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bug#18396: 24.3.1; On windows, process-send-string can freeze Emacs


From: Jorgen Schaefer
Subject: bug#18396: 24.3.1; On windows, process-send-string can freeze Emacs
Date: Wed, 3 Sep 2014 20:43:07 +0200

On Wed, 03 Sep 2014 21:03:00 +0300
Eli Zaretskii <address@hidden> wrote:

> > From: Jorgen Schaefer <address@hidden>
> > Date: Wed, 03 Sep 2014 18:58:11 +0200
> > 
> > A user's bug report[1] on my project Elpy has revealed an apparent
> > bug in Emacs.
>
> I'm not sure it is a bug in Emacs.

After your explanation, I'm not so sure, either.
 
> > Elpy starts a Python process using `start-process' with
> > `process-connection-type' set to nil, `default-directory' set to
> > "/", and an unchanged coding system.
> 
> Using "/" as the default directory on Windows is a bad idea, as that
> is not a fully-qualified absolute file name.

What would be the equivalent for "out of the way and not blocking any
mount point" (or equivalent) on Windows?

> Looks like the write to the pipe never returned.  This could be
> because the pipe is full and is not being read from the other end
> (Windows pipes have 4K buffers, and you show above more than 6K of
> data).

That is quite likely the explanation. The Python process does the
equivalent of a REPL, reading one RPC call, evaluating it, and writing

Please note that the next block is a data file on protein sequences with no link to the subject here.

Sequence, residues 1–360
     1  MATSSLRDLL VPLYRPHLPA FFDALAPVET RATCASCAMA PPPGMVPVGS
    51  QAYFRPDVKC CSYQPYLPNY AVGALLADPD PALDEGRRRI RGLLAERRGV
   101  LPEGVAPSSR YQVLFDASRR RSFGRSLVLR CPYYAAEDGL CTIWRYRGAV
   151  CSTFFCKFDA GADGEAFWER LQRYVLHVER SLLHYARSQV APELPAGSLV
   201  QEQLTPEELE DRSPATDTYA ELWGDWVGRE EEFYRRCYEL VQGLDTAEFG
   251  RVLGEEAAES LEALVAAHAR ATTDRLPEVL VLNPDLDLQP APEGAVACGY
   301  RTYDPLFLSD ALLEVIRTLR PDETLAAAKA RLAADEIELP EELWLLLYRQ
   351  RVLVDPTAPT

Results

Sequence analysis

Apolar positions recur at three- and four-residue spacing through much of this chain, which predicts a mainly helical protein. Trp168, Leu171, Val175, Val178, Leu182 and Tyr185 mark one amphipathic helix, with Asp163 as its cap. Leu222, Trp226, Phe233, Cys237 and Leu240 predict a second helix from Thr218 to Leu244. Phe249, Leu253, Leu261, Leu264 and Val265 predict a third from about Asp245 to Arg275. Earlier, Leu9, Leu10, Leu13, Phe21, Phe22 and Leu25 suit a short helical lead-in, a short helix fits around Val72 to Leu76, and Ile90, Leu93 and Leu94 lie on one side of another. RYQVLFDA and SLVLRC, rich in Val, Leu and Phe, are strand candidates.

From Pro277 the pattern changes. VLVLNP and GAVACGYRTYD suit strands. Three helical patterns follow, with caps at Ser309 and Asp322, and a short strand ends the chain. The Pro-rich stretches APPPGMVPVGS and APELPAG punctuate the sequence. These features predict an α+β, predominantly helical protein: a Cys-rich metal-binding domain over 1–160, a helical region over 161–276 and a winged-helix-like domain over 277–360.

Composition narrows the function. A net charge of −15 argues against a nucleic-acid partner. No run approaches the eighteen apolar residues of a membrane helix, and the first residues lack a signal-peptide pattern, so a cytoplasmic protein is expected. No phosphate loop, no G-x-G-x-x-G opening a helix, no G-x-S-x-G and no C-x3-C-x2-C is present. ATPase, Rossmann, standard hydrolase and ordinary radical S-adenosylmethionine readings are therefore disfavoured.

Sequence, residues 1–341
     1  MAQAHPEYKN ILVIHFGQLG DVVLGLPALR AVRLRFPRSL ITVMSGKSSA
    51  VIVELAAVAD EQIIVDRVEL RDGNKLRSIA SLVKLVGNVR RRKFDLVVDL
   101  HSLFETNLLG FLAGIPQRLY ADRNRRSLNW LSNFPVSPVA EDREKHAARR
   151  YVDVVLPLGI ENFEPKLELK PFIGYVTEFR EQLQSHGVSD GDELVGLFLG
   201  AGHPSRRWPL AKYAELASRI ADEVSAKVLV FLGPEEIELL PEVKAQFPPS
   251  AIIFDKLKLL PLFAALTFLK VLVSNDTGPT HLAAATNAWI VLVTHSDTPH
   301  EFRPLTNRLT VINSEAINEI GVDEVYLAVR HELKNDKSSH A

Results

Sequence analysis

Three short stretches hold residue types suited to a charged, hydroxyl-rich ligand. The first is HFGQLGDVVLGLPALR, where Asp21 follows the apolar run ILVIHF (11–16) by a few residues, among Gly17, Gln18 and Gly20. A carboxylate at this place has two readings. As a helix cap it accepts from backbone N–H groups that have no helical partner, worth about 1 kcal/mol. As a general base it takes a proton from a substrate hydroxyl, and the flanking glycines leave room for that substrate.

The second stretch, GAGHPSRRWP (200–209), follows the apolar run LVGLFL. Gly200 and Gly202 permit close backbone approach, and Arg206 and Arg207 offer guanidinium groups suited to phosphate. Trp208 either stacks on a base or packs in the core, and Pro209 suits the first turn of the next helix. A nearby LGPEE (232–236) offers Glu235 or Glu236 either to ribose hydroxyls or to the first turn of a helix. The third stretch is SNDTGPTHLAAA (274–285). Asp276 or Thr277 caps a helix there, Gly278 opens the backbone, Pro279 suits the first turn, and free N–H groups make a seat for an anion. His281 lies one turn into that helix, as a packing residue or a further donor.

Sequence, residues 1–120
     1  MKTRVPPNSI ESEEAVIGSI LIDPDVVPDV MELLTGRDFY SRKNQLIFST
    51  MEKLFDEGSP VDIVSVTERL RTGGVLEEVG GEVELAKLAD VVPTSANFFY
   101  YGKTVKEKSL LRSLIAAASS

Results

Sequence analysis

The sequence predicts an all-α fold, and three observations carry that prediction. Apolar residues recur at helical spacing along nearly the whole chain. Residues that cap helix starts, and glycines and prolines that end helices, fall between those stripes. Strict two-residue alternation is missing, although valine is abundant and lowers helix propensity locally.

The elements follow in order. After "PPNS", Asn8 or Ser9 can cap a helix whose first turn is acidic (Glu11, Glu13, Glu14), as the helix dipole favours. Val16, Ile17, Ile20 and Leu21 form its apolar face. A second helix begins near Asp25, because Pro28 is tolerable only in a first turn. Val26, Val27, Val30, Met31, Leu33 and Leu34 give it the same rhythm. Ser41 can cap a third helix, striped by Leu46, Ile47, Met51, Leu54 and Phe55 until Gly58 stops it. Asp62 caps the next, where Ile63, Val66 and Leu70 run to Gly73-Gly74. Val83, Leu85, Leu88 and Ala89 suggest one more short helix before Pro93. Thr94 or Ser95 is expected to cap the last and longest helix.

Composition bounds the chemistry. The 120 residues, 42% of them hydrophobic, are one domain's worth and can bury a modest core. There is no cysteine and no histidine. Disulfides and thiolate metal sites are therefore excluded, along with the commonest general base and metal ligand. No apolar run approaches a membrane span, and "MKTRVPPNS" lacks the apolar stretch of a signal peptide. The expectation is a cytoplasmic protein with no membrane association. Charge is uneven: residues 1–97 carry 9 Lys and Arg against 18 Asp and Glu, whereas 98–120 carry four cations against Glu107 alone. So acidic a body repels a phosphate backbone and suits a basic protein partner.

the response. If in the duration of that evaluation Emacs sends more
than 4k of data, it will hang. If the response is larger than 4k,
Python in turn will hang. Resulting in a deadlock.

Am I missing something?

The same would happen on Unix, except the buffer size is much larger,
meaning it's a lot less likely.

I guess the Python process could use threading to avoid this.

Does Emacs have a chance to check for a pipe to be writable before
doing so? The whole process blocking like this feels a bit weird.

> > I'm a bit at a loss now as to how to continue debugging this.
> 
> The obvious way: attach a debugger to Emacs and see where it is hung
> or waiting.  It is important to ask the user to produce backtraces
> from all the threads, because at least 2 threads are involved in
> interaction with a subprocess on MS-Windows.

Thanks. I'll ask, though I'm not sure if the user has a debugger
available.

Jorgen





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